Mr. MOONEY: And you know what? I agree with you and I'm going to tell you something funny. And I know you - because you have a sense of humor. I already know that. You are very bright and I'm not dumb. I've discussed this with Whoopi Goldberg, and you know what she said to me?

KRS-ONE: What?

Mr. MOONEY: She said give me an N-pass because I got to curse somebody out Friday. After that, I'll stop saying it.

KRS-ONE: That is funny. That is funny.

Mr. MOONEY: She wanted a pass.

KRS-ONE: That's how I would approach it. Representing hip-hop is - what if we did ask NAACP and so on for a pass? When we did our concerts, we put a pass forward and how would you get approved? Well, based on your conduct for the year. How did you add to the collective vision of African-Americans in the country or just black people in the country? How did you add to that? Here is your pass.

But I'll tell you this, there is something - the reason I bring intelligence into this is because I think that's what's really lacking. Does freedom of speech have anything to do with this or are we beyond that?

Mr. MOONEY: No. We're beyond this. This has nothing to do with freedom of speech.

KRS-ONE: Okay. Okay.

CHIDEYA: Oh, but a lot of folks say it is freedom of speech.

Mr. MOONEY: Based - that's a trap.

KRS-ONE: Okay. But wait a minute, well, even if it -

Mr. MOONEY: Wait a minute. A lot of people say, oh, I'm Spanish. No, you speak Spanish. Don't get trapped in that. You have to be smarter than that.

CHIDEYA: All right.

KRS-ONE: Well, here is - wait - this is the point right here, is that we're not thinking about the word, we're emotionalizing the word because if you think about the word…

Mr. MOONEY: Well, sir…

KRS-ONE: We're…

Mr. MOONEY: Listen, we're going to get together as a people and we're going to discuss this intelligently. We're going to have a conference on this. We're going to do this and…

CHIDEYA: Well, you're starting out, Paul, by having your first N-word free show in D.C.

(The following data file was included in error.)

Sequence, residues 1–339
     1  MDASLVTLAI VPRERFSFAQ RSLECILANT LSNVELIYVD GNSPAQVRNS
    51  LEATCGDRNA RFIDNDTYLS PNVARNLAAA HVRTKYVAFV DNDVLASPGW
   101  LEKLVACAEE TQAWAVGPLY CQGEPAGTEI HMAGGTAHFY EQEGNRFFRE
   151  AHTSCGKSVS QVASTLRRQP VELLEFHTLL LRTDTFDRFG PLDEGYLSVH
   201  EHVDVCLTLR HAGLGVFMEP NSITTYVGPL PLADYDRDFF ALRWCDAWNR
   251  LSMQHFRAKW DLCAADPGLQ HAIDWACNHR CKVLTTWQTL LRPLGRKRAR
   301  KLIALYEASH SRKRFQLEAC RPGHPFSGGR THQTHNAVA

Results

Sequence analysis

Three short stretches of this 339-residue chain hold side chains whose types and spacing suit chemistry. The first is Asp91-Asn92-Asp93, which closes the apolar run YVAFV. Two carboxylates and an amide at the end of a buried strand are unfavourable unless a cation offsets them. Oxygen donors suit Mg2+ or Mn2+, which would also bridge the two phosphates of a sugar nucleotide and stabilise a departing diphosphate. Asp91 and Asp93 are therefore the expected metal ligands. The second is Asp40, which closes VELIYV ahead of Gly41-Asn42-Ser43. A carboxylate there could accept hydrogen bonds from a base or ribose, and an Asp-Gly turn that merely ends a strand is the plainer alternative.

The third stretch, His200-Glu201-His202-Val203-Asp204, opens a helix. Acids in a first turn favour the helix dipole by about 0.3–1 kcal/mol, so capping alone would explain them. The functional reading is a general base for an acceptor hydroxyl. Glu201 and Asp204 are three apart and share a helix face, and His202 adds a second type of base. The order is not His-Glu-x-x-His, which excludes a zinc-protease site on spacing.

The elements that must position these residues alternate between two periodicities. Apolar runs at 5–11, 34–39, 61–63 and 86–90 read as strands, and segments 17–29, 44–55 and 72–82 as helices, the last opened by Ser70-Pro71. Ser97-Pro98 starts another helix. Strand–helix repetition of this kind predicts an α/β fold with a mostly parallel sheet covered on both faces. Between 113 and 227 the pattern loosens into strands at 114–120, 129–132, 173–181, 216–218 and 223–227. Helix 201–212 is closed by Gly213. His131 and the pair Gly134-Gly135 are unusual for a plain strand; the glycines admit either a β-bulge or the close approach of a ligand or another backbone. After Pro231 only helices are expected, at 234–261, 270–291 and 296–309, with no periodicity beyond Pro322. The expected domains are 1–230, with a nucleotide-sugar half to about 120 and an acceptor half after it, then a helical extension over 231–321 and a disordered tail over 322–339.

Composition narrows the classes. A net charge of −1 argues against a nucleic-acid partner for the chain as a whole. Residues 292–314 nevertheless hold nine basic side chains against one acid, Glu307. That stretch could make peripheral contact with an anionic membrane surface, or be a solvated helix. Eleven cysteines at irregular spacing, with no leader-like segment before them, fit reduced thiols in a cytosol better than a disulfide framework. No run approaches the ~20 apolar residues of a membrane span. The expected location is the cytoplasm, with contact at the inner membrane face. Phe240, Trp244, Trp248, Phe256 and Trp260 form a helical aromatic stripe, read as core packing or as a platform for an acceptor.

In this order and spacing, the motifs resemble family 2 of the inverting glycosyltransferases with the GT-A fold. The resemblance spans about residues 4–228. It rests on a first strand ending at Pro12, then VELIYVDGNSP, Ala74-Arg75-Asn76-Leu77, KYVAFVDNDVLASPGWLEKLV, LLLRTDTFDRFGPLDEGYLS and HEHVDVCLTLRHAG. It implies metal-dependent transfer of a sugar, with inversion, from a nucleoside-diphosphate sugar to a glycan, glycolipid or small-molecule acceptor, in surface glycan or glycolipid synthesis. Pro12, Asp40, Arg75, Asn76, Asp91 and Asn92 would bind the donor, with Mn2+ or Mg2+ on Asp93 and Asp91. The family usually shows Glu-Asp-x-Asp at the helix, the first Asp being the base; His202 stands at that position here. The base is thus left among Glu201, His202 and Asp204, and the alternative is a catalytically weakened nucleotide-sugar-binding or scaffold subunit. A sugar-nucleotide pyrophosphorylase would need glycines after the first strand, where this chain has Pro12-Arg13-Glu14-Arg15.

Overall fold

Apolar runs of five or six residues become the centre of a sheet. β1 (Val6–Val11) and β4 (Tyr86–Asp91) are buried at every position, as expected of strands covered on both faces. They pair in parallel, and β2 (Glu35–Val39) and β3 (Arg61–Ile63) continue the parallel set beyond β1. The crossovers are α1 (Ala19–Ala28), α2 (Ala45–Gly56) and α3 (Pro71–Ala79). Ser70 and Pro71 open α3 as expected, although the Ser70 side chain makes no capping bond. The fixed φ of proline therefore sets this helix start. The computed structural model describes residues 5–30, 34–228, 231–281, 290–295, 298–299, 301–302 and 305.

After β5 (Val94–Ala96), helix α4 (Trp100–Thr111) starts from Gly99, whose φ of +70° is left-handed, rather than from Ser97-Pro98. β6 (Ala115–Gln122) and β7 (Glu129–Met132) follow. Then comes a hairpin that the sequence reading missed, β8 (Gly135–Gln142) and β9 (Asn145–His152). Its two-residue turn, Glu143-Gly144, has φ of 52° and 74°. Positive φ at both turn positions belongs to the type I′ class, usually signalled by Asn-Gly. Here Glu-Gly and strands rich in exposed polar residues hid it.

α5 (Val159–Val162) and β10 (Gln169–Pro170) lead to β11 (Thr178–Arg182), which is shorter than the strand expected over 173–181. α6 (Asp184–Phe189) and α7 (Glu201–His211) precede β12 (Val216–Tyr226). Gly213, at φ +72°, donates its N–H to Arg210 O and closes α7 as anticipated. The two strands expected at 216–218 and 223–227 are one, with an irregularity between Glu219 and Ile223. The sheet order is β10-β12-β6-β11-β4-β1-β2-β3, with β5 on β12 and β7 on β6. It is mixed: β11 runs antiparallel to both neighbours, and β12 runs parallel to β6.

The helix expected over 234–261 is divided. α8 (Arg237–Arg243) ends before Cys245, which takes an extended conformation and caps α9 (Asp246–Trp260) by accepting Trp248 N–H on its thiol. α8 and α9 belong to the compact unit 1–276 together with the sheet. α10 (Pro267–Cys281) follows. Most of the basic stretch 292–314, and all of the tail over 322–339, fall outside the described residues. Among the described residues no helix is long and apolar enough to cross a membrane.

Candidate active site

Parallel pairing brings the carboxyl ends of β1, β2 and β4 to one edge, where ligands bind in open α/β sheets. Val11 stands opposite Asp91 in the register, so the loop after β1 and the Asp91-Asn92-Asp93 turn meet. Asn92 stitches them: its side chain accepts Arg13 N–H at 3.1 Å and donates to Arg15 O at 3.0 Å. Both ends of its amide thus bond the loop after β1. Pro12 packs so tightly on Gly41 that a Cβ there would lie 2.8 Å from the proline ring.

Mr. MOONEY: Yeah, in Washington, D.C. at the Lincoln Theater. It's myself and Dick Gregory. And it's this Saturday and we're doing two shows and we want everybody to come out. And we're going to try to straighten this thing out. And even if they have taken the word - from the N-word to riggers and I'm glad…

CHIDEYA: When you say they, who do you mean?

Mr. MOONEY: They - you. When I say they, you figure it out. Okay. They. Anyway, yeah, that's such a (unintelligible). White people have - very clever with words. That's why they say the race card that came from O.J. And I'm not interested in the race card. I'm interested in how do they get in the deck. That's what I want to know.

CHIDEYA: Okay. Well, on that note, I am sure we are going to get a lot of letters. I've been talking to comedy great, Paul Mooney, who has worked with everyone from Richard Pryor to Red Fox, Dave Chappelle who was here with us at NPR West giving me grief. And also KRS-ONE, hip-hop artist, philosopher and founder of the Temple of Hip-hop. Thanks to both of you.

Mr. MOONEY: Thanks, Farai.

KRS-ONE: Okay. Bye-bye.

(Soundbite of song)

Oh, black y'all. And I'm black, y'all. And I'm blacker than black, you know(ph), black y'all. And I'm black, y'all. And I'm blickety(ph) black, black, black, blacker than black, black, I'm blackety(ph) black, yo. Because I'm black and I'm back.

CHIDEYA: Coming up, our panel weighs in on this discussion of the N-word, plus, more on our Roundtable, next.

Copyright © 2006 NPR. All rights reserved. No quotes from the materials contained herein may be used in any media without attribution to NPR. This transcript is provided for personal, noncommercial use only, pursuant to our Terms of Use. Any other use requires NPR's prior permission. Visit our permissions page for further information.

NPR transcripts are created on a rush deadline by a contractor for NPR, and accuracy and availability may vary. This text may not be in its final form and may be updated or revised in the future. Please be aware that the authoritative record of NPR's programming is the audio.

Comments

 

Please keep your community civil. All comments must follow the NPR.org Community rules and terms of use, and will be moderated prior to posting. NPR reserves the right to use the comments we receive, in whole or in part, and to use the commenter's name and location, in any medium. See also the Terms of Use, Privacy Policy and Community FAQ.